Jessica C. Graves, Owner, 1760 E. River Rd. #191, Tucson, AZ 85718, 520.468.3838 - Hablamos Español
“Not flesh of my flesh, nor bone of my bone, but still miraculously my own. Never forget for a single minute, you didn’t grow under my heart, but in it.” - Fleur Conkiling Hegliger
For an adoption to go through, whether it be a private/agency adoption, a stepparent adult, a relative adoption, or an adoption through the Department of Child Safety, the child must be “legally free” for adoption. This means that the birth parents consented to the adoption of the child, a judge terminated the birth parents’ rights, or the birth parents are deceased.
A child under the age of 18 years who is in Arizona legally may be adopted. Adults who are over the age of 18 may also be adopted depending on the relationship of the adoptee (person being adopted) and the person adopting. See Adult Adoption.
Any adult resident of Arizona, whether married, unmarried, or legally separated, may adopt a child as a single parent. A married couple may adopt a child together. In Arizona, you must be married to be eligible to adopt a child. You may adopt through an adoption agency or you may work directly with birth parents.
If you are unrelated to the child, you will need to be either certified to adopt the child or be a licensed foster parent. If you are related to the child, you may still need to be certified or licensed. If you are a grandparent, a great-grandparent, a sibling, an aunt, an uncle, or a cousin, you do not need to be licensed or certified. However, it is important that you understand the differences between being a licensed foster parent and a non-licensed foster parent.
There are special requirements that must be followed if the child is considered an Indian Child under the Indian Child Welfare Act. It is very important that your adoption professional follow both the Federal Indian Child Welfare Act and Arizona’s laws governing an Indian Child. Not following these federal and state laws may put your adoption at risk.
Stepparent adoptions are important to ensure a sense of togetherness within a family. The adoption allows both parents (the birth parent and stepparent) to be the legal parents of the child. This is important for inheritance rights, insurance, schools, medical professionals, and most importantly, for the family unit itself. Because a stepparent is a legal stranger to the child, if the birth parent passes without completing a stepparent adoption, then the child’s custody may refer back to the second birth parent.
There is no requirement as to how long you and your spouse must be married before your spouse completed the stepparent adoption. However, there may be additional requirements depending on the length of your marriage. If your marriage is less than one year, then you will need to have a social study completed to present to the judge your family and ensure that the adoption would be in the child’s best interest. If you have been married for more than one year, you should not need to complete a social study. Ultimately, it is always up to the judge as to whether to order a social study completed.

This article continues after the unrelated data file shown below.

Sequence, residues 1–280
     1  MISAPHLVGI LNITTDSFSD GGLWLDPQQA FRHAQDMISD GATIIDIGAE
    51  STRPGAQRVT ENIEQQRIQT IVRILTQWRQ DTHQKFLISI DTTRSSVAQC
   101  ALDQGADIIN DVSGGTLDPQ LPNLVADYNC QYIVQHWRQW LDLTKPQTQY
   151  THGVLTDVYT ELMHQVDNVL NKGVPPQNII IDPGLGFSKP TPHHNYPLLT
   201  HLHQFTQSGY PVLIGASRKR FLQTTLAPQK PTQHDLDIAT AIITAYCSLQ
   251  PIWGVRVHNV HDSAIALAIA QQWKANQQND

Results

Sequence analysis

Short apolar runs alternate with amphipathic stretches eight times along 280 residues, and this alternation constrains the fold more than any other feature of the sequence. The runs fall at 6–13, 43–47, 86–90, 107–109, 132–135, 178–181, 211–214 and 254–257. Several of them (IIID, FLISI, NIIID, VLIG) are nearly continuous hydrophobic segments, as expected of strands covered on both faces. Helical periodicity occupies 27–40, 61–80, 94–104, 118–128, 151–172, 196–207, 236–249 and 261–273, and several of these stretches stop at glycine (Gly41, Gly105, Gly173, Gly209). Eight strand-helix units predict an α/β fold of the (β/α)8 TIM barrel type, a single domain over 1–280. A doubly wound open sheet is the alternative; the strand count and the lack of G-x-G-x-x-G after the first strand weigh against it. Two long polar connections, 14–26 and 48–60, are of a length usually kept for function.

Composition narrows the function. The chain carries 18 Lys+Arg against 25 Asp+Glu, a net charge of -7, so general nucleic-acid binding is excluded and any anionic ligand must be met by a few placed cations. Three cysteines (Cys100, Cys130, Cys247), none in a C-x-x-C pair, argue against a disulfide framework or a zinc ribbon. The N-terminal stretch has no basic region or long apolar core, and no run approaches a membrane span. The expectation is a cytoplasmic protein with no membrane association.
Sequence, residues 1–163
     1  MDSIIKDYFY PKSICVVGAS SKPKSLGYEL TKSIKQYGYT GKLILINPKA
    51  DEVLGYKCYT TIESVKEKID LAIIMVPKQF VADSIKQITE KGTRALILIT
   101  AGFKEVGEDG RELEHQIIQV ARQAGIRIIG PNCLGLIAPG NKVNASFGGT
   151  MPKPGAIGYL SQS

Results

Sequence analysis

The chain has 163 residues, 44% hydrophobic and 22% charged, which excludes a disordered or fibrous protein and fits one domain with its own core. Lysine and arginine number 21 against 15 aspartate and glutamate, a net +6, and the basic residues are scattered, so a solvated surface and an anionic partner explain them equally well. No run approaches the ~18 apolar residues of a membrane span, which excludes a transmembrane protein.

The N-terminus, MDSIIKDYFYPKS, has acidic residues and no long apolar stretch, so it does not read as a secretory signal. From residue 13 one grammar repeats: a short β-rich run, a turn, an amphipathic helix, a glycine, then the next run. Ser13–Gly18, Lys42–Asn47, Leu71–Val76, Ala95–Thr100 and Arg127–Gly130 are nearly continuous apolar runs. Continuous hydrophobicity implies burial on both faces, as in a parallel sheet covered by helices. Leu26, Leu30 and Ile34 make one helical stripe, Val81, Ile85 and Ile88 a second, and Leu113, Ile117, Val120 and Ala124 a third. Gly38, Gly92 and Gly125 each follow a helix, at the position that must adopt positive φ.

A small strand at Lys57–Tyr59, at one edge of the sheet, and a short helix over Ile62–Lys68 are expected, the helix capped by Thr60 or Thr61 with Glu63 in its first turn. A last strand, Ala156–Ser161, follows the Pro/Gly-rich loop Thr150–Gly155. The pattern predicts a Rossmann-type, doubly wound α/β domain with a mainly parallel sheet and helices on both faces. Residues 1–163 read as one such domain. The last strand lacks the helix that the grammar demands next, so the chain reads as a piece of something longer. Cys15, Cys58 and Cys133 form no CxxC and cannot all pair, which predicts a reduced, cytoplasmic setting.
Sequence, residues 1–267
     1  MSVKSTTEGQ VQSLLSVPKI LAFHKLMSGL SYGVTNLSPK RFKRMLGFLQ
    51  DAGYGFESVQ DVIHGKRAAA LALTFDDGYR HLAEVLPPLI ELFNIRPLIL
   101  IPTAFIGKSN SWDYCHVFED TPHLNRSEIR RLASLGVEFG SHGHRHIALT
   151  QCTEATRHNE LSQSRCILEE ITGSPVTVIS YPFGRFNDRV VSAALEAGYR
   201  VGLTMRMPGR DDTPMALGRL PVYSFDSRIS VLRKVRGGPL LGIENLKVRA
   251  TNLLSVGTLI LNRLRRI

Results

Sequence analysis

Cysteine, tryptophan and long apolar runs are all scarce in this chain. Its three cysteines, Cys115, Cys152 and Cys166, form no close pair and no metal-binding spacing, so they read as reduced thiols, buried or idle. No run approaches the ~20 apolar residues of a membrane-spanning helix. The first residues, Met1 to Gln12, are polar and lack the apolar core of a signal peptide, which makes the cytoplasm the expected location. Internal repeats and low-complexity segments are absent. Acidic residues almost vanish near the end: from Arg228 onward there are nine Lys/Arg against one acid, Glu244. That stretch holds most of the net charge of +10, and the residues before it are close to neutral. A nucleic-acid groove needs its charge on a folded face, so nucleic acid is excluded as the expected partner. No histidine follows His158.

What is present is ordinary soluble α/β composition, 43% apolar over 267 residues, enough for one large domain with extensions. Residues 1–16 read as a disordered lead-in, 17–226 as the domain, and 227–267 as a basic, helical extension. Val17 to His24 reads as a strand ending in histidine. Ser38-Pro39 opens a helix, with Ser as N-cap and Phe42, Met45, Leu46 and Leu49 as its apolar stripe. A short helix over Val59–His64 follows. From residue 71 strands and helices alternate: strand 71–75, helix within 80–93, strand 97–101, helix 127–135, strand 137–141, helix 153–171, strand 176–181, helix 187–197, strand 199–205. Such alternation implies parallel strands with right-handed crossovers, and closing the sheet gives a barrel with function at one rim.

Adults may adopt other adults who are over the age of 18 years old. However, Arizona law only allows adult adoptions in certain situations where specific relationships exist. In adult adoptions, the birth parents of the adoptee (the person being adopted) does not need to be notified of the adoption. Please contact the office to find out more information regarding Arizona adult adoptions.
As with any kind of adoption, the child must be legally free for adoption for a relative to adopt. Relatives may include grandparents, great-grandparents, siblings, aunts and uncles, and cousins. Depending on the relationship between the child and adoptive parent, certification may not be required.
If you are not related to the child either biologically or through adoption, you must become certified by an Arizona court to adopt. Certification can be a fairly in-depth process and may require a social worker coming to your home, meeting you and your family, and providing information to a judge requesting that you become certified to adopt a child. You will need a licensed adoption agency or licensed social worker to request to the court that you become certified to adopt.
Adoption agencies provide resources and support for birth parents and adoptive parents.
Adoptive Parents must be married to adopt jointly. If one of the parents is the legal parent of the child, the second parent may complete a stepparent adoption of the child to ensure that the child has two legal, loving, and supportive parents.
In the tragic event where one of the adoptive parents passes, the other adoptive parent will remain the legal parent of the child.
In the tragic event of both of the adoptive parents’ deaths, the child will not have legal guardians. Someone will need to take legal custody of the child either through the probate court or juvenile court. Contact Jessica today if both of the adoptive parents of a child have passed. There may be limited time in which the individuals must request legal custody of the child.